We'Ll find out how this monitor performs inside the box. We'Ve got the adjustable stand. The panel itself USB cable power, cable, a DisplayPort to mini DisplayPort, cable and, of course, manual and driver CD. Does anyone still actually install the drivers that come with their monitor from the CD everything just worked out of the box? For me, anyway, the stand snaps into the back of the panel very easily and removal is as simple as pushing in the button underneath and pulling the stand out. The stand connection area is also where the 100 millimeter FISA mount is found, which will be useful if you're going to be mounting the panel to some other monitor arm. If you do plan on mounting the panel, it weighs 3.6 1 kilos or 7.95 pounds, while the panel with the included stand comes in at 8 kilos or 17 point 6 2 pounds. The panel is 23.8 inches diagonally, while the width of the whole front screen is 21 point, 2, 3 inches or 5' millimeters. The sight comes out seven point: two: eight inches or 185 millimeters, while the maximum height, when fully extended from base to top is 19 point. 12 inches or 459 millimeters. The stand, which is made out of hard plastic, has a small hole through the middle which allows for cable management and helps keep everything tidy. The Stand allows the screen to be turned from landscape to portrait, with 90 degrees of pivot, in either direction when extended to maximum height.

There is also 130 millimetres of height adjustment available. The screen can be tilted forward, six point, five degrees or back 22 degrees, and there is 45 degrees of swivel, both left and right, so basically, more adjustments than all ever use. The twenty three point: eight inch LED panel itself, has a 1080p resolution and has a 60 Hertz refresh rate. The panel has an anti glare coating on it, which does a pretty good job. As you can see here, the matte screen hides other destructive light and reflection. Well, it's rated at eight milliseconds, greater gray, which is a little higher than most monitors I've seen. However, I didn't practically notice any problems with this. The viewing angles are quite good. I did notice some subtle changes when I stand up while looking at the display Dell state that the panel supports 178 degree viewing angles, and while I do notice, it change a little bit initially, while not looking directly at it. It still does look great from all angles. What first caught my attention with the panel was the extremely thin bezel at just six point: zero five millimeters or 0.2 four inches it's, the thinnest bezel on any monitor I've ever used after some time, using just a single monitor. I didn't really notice the bezel anymore as anything that's, not the screen, just kind of blends away out of my vision when added with a second one over there. The difference is quite noticeable having two of these together side by side with such thin.

Bezels is quite nice much better than the old monitors I have with a 9000 inch bezel in terms of backlight bleed. I was not able to notice any while using these two monitors. I'Ve taken a long exposure shot here with the monitor displaying a pure black image. To try and demonstrate any backlight bleed in an extreme worst case scenario, but it still looks great. The front also features a small unobtrusive Dell logo and all required buttons to control the display settings such as brightness or contrast. The buttons are capacitive touch and I've found them a bit hit or miss to use. Sometimes my presses weren't registered correctly. The menus for going through the settings were otherwise intuitive and easy to use on the back for input working from left to right. We'Ve got the power connector DisplayPort in with version 1.2, a mini DisplayPort in DisplayPort out for MST. More on this later, two HDMI MHL ports and audio line out one USB 3.0 type B, input for the included, cable and three USB 3.0 type, a ports there's also a fourth USB type, eight point just above these on the back. However, it also supports battery charging with up to two amps available and is identified by the Lightning icon. I found it useful for charging my phone as I can just leave a short cable plugged into the monitor, rather than using an extremely long cable to make it all the way to my computer to use the four USB type, A ports.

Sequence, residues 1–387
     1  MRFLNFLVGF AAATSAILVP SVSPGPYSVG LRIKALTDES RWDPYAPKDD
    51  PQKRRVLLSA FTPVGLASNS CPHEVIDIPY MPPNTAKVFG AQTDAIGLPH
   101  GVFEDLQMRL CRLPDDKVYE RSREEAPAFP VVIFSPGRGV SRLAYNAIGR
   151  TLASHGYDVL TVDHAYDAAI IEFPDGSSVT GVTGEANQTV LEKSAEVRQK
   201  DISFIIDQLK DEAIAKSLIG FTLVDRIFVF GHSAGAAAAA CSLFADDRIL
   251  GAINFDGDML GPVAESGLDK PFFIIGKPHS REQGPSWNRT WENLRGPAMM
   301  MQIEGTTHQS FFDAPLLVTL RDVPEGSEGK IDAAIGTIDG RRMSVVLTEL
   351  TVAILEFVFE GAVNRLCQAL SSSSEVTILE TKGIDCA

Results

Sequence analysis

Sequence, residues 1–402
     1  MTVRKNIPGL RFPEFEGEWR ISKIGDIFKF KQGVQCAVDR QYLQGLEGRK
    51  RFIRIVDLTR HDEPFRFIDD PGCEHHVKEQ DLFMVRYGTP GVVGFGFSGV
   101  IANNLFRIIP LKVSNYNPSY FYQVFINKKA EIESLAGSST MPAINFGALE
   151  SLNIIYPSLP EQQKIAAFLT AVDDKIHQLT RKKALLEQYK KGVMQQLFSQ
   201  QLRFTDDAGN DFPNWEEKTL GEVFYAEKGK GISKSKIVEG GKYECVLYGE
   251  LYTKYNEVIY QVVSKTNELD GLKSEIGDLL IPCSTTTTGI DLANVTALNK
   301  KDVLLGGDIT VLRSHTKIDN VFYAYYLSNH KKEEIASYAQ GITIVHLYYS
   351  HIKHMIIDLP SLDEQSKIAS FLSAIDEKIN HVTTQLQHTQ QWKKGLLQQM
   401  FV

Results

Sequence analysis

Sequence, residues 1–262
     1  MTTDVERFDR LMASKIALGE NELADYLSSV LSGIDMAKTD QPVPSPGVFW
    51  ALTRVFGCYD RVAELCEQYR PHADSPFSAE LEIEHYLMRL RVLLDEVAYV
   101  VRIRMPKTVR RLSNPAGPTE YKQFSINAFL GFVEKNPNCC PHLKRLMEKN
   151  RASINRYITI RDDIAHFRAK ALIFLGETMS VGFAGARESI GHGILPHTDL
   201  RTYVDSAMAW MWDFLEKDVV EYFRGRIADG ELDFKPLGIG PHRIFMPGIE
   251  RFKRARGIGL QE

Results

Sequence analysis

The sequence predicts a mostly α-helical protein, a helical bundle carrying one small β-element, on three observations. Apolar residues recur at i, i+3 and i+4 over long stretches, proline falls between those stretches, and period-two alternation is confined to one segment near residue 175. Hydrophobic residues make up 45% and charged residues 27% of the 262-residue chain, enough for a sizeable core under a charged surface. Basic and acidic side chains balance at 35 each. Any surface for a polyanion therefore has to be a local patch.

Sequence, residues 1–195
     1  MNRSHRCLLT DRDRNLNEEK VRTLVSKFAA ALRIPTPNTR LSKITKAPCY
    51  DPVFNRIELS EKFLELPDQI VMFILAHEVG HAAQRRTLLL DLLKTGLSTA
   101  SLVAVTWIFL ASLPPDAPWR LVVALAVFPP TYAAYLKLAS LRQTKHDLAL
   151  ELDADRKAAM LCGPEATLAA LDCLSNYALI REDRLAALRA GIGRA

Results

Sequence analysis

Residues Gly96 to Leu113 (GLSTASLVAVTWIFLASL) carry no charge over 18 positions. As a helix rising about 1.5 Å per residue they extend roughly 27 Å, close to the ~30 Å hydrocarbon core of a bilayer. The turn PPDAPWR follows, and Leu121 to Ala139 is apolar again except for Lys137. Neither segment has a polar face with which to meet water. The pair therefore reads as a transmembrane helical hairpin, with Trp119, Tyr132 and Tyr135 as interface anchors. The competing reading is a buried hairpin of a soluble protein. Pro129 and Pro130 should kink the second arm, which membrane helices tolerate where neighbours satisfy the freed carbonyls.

You must first plug in the included USB 3.0 type B, cable into the monitor, and your computer once connected you'll be able to use the monitor as a USB 3.0 hub. The 3.5 millimeter jack on the back can be used if you're, connecting with the included DisplayPort cable as sound display point is supported. The sound quality was pretty good, no issues there. As mentioned, the monitors DisplayPort out supports MST all multi stream transport, which allows for daisy chaining. The is a feature of DisplayPort 1.2 and by default I found that the monitor did not have this enabled you can enable DisplayPort 1.2 in the monitors display settings once done. You can plug a second monitor in through this point. In this example, I have two monitors with the secondary monitor plugged directly into the first. There is only one cable going from the primary monitor to the computer and both displays work. Just fine I've got a full video covering how to set this up linked in the video description, so just 215 US dollars at the time of this video. I think this monitor offers a pretty good value. It'S got quite a thin bezel. The display looks great and the stand supports more adjustment options than I'd ever need. The only minor issue is, I have to note the ever so slight change in viewing angles, as mentioned, and the capacitive touch buttons on the front. Otherwise, overall it's been working really well. So what did you guys think of the del? U 24 for teenage monitor, be sure to.

Let me know your thoughts down in the comments and leave a like on the video if you found it useful thanks for watching and don't forget to subscribe for future tech.